And for good reason: Gotcher, 27, grew up surfing in Watsonville, known as home to vast fields of strawberries and abundant great waves. It’s only 26 miles to Monterey and its famous Ghost Tree surf site and 66 miles to Half Moon Bay and the legendary Mavericks, whose combination of enormous waves, frigid water, and great white sharks make it one of the most-challenging surfing spots in the world.
Not that Gotcher was into the big-time surf scene. “I’m not really sure about the biggest wave I’ve ever caught, but I can assure you it’s nothing crazy,” he said. “For me, it was just about getting out there with a bunch of friends and having some fun. There’s no way I could have ever become a pro surfer. Those guys surf at such a high level and take some huge risks.”
Instead, Gotcher (pronounced GO-tcher) became a pro runner, and comes into the Olympic Marathon Trials as the fourth-fastest qualifier. The three men ahead of him on the form chart are all past Olympians and international stars: Ryan Hall owns the fastest marathon ever run by an American, Meb Keflezighi is a 2004 silver medalist, and Dathan Ritzenhein is an IAAF World Half Marathon bronze medalist and former U.S. 5000-meter record holder.
But this is the kind of “high level” marathoning that Gotcher has been chasing since 2007, when he traveled to New York City with the McMillan Elite training group to watch the last men’s Trials. At the time, he had just concluded an All-American career at Stanford with the 10,000 meters as his specialty, but after New York running became all about 26.2 miles.
“Obviously, Ryan’s race was amazing,” Gotcher recalled. “It was something else to see a guy have just an unbelievable day and to see what that can mean, what you’re capable of if you have a really good day in the marathon. Maybe one day I can have a day like that, too.”
In his marathon debut, Gotcher caught a great wave and rode it like a veteran, finishing seventh in the Chevron Houston Marathon in 2:10:36 and qualifying for the Trials with history’s fourth-fastest debut by an American. “I felt like ‘my career has started now and I’m a marathoner,’ ” he told Running Times afterward. His performance instantly pegged him as a contender for the 2012 Olympic team.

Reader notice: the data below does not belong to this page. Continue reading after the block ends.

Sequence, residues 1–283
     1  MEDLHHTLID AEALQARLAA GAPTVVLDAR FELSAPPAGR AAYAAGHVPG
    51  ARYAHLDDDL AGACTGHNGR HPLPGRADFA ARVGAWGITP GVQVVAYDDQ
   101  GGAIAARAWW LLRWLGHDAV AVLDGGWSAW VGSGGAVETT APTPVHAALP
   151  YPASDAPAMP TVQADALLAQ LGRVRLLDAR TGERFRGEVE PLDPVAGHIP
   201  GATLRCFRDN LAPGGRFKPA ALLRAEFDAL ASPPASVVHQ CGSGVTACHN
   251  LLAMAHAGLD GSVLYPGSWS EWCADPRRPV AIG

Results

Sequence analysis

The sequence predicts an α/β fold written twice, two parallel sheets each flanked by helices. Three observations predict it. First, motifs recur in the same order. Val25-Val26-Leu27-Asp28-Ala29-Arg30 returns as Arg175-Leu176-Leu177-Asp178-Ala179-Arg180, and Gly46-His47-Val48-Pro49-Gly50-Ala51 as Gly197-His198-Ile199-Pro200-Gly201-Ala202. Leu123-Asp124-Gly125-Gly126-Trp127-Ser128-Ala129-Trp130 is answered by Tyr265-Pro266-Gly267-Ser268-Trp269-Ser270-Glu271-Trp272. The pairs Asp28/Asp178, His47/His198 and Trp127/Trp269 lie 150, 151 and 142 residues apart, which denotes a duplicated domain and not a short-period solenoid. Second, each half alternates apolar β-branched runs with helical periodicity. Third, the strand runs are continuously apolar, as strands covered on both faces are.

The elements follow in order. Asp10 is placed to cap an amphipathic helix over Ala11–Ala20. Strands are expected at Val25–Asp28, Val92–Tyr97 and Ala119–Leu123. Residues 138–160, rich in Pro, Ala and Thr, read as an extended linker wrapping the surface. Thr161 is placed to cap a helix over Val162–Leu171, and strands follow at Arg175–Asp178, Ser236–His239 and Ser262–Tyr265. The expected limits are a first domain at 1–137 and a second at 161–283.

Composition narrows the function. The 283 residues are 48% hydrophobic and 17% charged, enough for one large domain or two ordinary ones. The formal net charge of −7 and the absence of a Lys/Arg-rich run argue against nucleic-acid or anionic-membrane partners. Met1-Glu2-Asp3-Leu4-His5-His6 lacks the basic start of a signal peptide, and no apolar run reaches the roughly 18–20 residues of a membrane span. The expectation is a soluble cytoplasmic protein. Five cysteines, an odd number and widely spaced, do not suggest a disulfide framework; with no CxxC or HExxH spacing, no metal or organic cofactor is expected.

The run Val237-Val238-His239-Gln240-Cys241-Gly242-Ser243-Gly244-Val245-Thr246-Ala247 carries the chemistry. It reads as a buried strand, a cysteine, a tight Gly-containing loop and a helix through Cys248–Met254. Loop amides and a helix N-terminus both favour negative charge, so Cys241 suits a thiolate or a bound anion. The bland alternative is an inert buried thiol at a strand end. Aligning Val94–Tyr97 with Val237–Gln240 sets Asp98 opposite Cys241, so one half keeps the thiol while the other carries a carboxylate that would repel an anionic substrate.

A year later came the wipeout: in his Houston return, he struggled home in 2:19:30, short on fuel and long on disappointment. He signed on almost immediately to run the Boston Marathon three months later, but was forced to scratch with a hip problem that developed in trying to come back too quickly. In retrospect, he says, it was probably better that he didn’t do Boston. “I think I just got caught up in the fact that I had a bad race in Houston,” he said, “and felt like I really needed to follow that up with a good race right away instead of just being confident in my ability to take my time and recover and then have a good race later on. It forced me to take more time off, which is what my body needed. I came off of it feeling great.”
At the Trials, says Gotcher, it will be tough to topple the trio of Hall, Keflezighi and Ritzenhein, but that any one of 15 guys is poised to make the kind of breakthrough needed to do it. As the #4 seed he is certainly one of them, but refuses to get ahead of himself.
“I’d expect that most people are going to have to PR to make it on the team,” he said, “and there’s probably going to be a lot of people who PR and run very fast and don’t make the team.”
If the Trials come down to mental toughness, Gotcher will be looking toward the ocean and its lessons about risk. You have to trust the decisions you make on whether or not to take off on a wave, he explained, and the decisions get tougher as the wave gets bigger.
Make the wrong decisions and you’re underwater, running out of breath as you claw your way to the surface.
Make the right ones and you’re an Olympian.
By Barbara Huebner